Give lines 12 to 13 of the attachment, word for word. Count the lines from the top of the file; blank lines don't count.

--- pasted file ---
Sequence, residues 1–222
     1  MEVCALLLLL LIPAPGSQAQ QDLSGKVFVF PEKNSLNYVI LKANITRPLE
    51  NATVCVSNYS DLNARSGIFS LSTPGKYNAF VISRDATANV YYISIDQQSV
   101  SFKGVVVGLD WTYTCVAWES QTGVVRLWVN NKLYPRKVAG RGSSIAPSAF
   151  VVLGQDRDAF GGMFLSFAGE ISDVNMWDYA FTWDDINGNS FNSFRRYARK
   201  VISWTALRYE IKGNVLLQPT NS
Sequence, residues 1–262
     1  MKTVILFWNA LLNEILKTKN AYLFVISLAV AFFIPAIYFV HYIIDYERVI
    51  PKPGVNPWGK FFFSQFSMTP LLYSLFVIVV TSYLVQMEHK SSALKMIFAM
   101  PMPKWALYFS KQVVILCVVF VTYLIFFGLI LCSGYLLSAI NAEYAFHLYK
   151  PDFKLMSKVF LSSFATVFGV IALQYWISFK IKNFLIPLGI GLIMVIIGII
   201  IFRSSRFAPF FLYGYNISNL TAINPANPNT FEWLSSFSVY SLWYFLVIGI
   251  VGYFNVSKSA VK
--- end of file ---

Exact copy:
   201  IFRSSRFAPF FLYGYNISNL TAINPANPNT FEWLSSFSVY SLWYFLVIGI
   251  VGYFNVSKSA VK